Thus, in one aspect, the present invention is a space-saving OIT for providing a man-machine interface between an operator working in a harsh environment and a control computer in a conditioned environment without utilizing floor space for the OIT in the harsh environment. The OIT includes a front panel having a perimeter edge, and means for mounting the front panel on a front side of a vertical room-partition and sealing the front panel around the perimeter edge. The vertical room-partition has a front side in the harsh environment, a back side in the controlled environment, and an aperture therein that is covered by the front panel. At least one interface device is attached to the front panel, and is accessible by the operator for providing inputs to the control computer. The OIT also includes means for connecting the interface device to the control computer through the aperture in the vertical room-partition. The front panel may have a sealed window, and the OIT may further include an adjustable shelf mounted on a back side of the vertical room-partition in the controlled environment for mounting a computer monitor in a position where the monitor is visible to the operator through the window. The monitor may be used in conjunction with a touch screen panel that is mounted in the sealed window. The OIT may also include a keyboard support and storage tray pivotally mounted to the front panel for holding a keyboard. The tray may be pivoted downward to an approximately horizontal position when the keyboard is in use by the operator, and pivoted upward to an approximately vertical position when the keyboard is not in use. The tray is sealed in both positions to prevent elements from the harsh environment from entering the controlled environment behind the OIT.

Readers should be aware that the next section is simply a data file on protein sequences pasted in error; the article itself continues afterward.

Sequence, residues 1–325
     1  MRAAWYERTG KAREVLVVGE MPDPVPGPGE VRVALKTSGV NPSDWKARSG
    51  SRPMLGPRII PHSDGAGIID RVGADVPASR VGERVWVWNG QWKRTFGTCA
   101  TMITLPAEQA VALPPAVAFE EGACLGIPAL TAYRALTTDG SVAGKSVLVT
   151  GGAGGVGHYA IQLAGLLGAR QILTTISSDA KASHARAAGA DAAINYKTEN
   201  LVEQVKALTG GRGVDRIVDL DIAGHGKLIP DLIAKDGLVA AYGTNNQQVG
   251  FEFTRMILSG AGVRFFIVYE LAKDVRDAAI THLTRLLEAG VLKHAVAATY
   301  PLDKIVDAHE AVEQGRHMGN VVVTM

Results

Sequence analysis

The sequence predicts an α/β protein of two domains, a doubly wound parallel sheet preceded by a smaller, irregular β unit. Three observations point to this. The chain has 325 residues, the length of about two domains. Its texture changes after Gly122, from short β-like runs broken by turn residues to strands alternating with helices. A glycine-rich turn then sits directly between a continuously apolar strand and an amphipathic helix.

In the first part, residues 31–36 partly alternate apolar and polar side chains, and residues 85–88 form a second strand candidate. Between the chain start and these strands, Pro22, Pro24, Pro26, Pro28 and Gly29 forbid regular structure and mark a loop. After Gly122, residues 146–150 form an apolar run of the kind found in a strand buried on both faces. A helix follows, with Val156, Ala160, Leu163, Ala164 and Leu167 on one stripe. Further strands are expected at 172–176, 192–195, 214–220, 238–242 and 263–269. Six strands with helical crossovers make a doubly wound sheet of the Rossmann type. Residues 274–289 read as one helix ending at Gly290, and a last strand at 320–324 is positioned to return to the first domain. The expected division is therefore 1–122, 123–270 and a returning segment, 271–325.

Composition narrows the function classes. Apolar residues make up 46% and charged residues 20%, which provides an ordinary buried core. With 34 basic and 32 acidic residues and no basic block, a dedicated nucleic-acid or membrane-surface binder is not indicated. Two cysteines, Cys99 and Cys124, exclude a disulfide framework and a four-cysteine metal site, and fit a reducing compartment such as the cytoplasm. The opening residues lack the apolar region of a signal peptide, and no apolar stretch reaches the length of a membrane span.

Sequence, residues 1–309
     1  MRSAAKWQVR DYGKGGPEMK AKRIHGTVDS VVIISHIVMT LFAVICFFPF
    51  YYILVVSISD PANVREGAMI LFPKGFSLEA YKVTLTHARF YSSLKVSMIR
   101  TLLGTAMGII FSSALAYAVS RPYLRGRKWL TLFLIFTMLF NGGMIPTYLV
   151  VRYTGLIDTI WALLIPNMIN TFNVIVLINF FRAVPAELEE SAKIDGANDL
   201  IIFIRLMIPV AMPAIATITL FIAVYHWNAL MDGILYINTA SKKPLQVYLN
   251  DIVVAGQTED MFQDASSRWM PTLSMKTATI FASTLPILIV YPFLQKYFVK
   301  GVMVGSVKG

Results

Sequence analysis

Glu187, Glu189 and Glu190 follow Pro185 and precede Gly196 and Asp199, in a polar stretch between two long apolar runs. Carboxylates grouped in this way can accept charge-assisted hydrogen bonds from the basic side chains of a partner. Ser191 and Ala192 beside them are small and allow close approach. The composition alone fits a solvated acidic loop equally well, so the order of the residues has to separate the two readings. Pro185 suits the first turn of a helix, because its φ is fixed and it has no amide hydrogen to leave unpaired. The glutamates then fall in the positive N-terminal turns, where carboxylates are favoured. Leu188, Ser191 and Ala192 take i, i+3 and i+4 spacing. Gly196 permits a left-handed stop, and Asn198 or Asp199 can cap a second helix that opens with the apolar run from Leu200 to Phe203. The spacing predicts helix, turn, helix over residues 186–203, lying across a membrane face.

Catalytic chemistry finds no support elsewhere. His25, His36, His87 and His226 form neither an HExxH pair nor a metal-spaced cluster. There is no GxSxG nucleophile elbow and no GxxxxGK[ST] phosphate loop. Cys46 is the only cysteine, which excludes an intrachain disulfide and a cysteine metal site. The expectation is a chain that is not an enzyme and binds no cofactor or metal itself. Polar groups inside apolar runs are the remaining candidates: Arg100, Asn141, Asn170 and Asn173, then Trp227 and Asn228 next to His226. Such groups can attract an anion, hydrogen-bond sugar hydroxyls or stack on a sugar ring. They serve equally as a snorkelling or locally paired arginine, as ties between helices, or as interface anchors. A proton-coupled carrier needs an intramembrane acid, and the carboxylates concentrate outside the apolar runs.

The invention will be better understood and its numerous objects and advantages will become more apparent to those skilled in the art by reference to the following drawings, in conjunction with the accompanying specification, in which:
FIG. 1 is a front elevational view of the preferred embodiment of the Operator Interface Terminal (OIT) of the present invention;
FIG. 2 is an exploded perspective view of the OIT of the present invention when mounted on an exemplary wall segment, and with a computer and monitor installed;
FIG. 3 is a left side elevational view showing a partial cross-section of the OIT of FIG. 1 mounted on an exemplary wall segment;
FIG. 4 is a perspective view of the OIT of FIG. 1 with the keyboard tray pivoted to the down position;
FIG. 5 is a perspective view of the OIT of FIG. 4 with a keyboard, mouse, and gasket installed in the keyboard tray;
FIG. 6 is a cross-sectional view of a portion of the OIT taken along line 6—6 of FIG. 1 illustrating the structure for mounting the protective frame over the touch screen in the preferred embodiment of the present invention;
FIG. 7 is a left side, partial cross-sectional view of the bottom portion of the keyboard tray illustrating the tray partially pivoted to the down position; and
FIG. 8 is a left side, partial cross-sectional view of the bottom portion of the keyboard tray illustrating the tray pivoted to the up position.